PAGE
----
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Story highlights

Coach Joe Kennedy was told in September not to pray after the game

School district believes he cannot do so while on duty, as it would violate federal law

Kennedy believes he has right to pray once game is over

(CNN) —  

As Joe Kennedy knelt to pray at the 50-yard-line Friday night he felt a presence around him.

And it grew.

The assistant football coach at Bremerton High School in Washington state was being joined by some of his opponents and fans – some of whom had come to the game to pray with him.

After the Knights’ homecoming loss to the Centralia Tigers, Kennedy walked to the middle of the football field, hoping to say his usual thanks to God by himself.

He had been told not to do it. The Bremerton School District had said if he prayed while on duty as a coach he would be violating federal law.

Kennedy, as he has done after most games for seven years, prayed anyway, defying the order. He opened his eyes to find a huge crowd of supporters around him.

It was overpowering. The coach cried as he spoke to reporters.

“I’ve got my eyes closed and I feel all these people around me. I’m like, God, I hope those aren’t kids,” Kennedy told CNN affiliate KIRO of Seattle and other media outlets. “I’m sitting there and I’m going, ‘God, thank you for this opportunity. And … if this is the last time I step on the field with these guys …”

CNN called the school district on Saturday but didn’t receive an immediate reply.

According to the Seattle Times, Kennedy, 46, has never asked anyone else to participate in the postgame prayer. And at first, it went largely unnoticed but players began to join him. One of them is a Bremerton captain. He’s agnostic.

“It’s about unity. We can be mad at each other all we want during a game and get upset, but once the game is over, that all goes away,” Ethan Hacker told the Times. “What (Kennedy) does brings us all together no matter how much we despise each other.”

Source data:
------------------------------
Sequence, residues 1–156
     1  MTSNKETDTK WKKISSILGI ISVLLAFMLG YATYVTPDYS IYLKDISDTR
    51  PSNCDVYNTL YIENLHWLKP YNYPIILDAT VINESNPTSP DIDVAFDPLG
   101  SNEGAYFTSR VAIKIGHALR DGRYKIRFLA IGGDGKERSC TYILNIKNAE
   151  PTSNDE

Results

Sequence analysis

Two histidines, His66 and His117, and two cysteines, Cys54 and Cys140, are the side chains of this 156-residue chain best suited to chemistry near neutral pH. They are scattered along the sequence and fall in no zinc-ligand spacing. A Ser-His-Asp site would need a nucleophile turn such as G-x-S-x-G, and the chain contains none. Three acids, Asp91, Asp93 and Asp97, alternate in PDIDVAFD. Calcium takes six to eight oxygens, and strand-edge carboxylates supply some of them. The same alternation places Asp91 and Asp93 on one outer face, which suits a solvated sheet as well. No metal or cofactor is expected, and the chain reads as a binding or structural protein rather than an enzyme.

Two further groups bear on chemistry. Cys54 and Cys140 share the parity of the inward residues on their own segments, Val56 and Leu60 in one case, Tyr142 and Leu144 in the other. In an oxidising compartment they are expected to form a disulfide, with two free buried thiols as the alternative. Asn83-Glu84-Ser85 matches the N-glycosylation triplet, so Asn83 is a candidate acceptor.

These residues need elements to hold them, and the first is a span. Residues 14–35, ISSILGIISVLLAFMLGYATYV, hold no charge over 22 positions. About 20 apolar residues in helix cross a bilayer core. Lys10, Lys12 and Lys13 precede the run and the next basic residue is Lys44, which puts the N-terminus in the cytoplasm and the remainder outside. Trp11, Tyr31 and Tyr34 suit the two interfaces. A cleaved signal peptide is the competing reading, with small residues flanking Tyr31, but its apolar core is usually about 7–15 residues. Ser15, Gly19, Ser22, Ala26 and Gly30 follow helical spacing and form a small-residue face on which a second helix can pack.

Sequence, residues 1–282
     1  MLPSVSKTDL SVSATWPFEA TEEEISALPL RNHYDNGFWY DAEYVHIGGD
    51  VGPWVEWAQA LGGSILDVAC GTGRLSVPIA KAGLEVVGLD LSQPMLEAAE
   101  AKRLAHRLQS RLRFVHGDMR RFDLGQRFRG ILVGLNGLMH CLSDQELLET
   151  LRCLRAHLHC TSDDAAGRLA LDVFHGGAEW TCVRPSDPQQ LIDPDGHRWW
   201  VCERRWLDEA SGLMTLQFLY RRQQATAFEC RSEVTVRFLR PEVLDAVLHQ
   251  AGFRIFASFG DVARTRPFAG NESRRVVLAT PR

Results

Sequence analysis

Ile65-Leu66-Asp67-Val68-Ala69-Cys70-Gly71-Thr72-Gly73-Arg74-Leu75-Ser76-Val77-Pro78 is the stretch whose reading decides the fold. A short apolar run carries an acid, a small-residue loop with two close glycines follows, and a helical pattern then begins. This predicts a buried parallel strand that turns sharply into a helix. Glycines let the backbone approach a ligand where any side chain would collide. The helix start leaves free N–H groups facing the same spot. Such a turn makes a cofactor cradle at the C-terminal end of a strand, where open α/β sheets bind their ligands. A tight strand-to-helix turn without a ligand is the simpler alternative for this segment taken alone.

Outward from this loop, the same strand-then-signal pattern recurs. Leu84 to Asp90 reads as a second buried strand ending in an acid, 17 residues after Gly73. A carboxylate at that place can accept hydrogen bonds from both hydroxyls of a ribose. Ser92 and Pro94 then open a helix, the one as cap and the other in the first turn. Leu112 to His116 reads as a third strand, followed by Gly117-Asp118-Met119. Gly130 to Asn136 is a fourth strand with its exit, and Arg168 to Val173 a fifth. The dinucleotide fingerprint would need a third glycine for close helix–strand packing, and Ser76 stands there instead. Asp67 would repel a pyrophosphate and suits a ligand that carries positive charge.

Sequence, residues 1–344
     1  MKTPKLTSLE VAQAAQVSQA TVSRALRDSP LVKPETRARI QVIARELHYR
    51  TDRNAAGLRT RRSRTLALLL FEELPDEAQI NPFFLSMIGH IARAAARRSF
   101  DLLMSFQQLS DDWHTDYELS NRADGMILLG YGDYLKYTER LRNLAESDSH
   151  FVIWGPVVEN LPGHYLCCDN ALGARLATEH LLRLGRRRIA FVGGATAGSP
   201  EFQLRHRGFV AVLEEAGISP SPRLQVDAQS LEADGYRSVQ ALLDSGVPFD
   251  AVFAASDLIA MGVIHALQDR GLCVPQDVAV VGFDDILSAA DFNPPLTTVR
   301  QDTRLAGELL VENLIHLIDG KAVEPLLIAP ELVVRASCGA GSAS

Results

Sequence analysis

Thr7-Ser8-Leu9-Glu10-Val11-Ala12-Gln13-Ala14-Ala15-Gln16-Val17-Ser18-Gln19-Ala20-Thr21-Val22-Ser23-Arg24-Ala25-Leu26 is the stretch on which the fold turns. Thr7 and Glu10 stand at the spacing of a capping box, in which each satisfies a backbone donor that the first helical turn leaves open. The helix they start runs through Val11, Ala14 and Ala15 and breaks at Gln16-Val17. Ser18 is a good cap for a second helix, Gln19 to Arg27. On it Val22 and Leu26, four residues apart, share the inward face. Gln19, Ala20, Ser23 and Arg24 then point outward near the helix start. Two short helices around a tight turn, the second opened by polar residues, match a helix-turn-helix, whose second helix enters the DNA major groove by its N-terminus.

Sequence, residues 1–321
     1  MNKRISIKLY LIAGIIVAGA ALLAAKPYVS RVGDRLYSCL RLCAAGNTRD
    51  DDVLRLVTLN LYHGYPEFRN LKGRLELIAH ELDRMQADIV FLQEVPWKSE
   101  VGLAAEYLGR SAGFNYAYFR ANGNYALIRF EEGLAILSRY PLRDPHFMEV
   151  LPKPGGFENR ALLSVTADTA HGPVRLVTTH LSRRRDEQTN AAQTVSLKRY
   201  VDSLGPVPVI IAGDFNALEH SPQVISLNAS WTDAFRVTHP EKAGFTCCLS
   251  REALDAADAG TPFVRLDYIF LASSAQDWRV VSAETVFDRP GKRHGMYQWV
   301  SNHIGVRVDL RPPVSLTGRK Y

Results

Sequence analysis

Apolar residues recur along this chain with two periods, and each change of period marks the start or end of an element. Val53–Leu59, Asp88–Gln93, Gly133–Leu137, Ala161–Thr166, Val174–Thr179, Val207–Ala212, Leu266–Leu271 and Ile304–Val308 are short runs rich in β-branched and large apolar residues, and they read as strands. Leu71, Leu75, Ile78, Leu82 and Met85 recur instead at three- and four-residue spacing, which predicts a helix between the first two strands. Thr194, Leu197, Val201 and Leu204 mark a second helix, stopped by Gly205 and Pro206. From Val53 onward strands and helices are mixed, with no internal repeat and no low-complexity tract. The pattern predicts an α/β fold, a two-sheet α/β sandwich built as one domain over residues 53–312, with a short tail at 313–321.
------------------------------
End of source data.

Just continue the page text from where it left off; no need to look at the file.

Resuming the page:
The school district sees it as a potential violation of law, based on the separation of church and state.

“The district is in no way taking away an athletic coach’s freedom of expression,” Superintendent Aaron Leavell said in a statement posted to the organization’s website. “What we are doing is what every state-funded agency and school district must do: abide by the laws that govern us.”

Leavell didn’t say what the possible punishment could be for Kennedy – whose legal team notified the school district before the game he was going to pray – might be.

The Liberty Institute, a religious freedom legal organization based in Texas, said in a letter this week to the school district that Kennedy is within his rights to pray once a game has ended.

“Accordingly, the First Amendment forbids religious activity that is sponsored by the government but protects religious activity that is initiated by individuals acting privately, as is the case with Coach Kennedy,” deputy chief counsel Hiram Sasser wrote. He adds later, “No reasonable observer could conclude that a football coach who waits until the game is over and the players have left the field and then walks to midfield to say a short, private, personal prayer is speaking on behalf of the state.”

The prayer, according to the Seattle Times, is a version of the following sentiment: “Lord, I thank you for these kids and the blessing you’ve given me with them. We believe in the game, we believe in competition and we can come into it as rivals and leave as brothers.”

The district said in a September letter to the coach that he would still be permitted to speak to members of both teams after games, so long as the talk didn’t include religious expressions, including prayer.

For several games, Kennedy abided by the directive. This week, he decided he had to do what he believed was right.

Now Kennedy waits to see what the school district will do.

“Whatever happens happens, you know,” he said, according to the Bremerton Patriot newspaper. “But I’m going to be bold in my faith and I’m going to fight the good fight and I want to set that example for every one of the kids if you believe in something.

CNN’s Carma Hassan contributed to this report.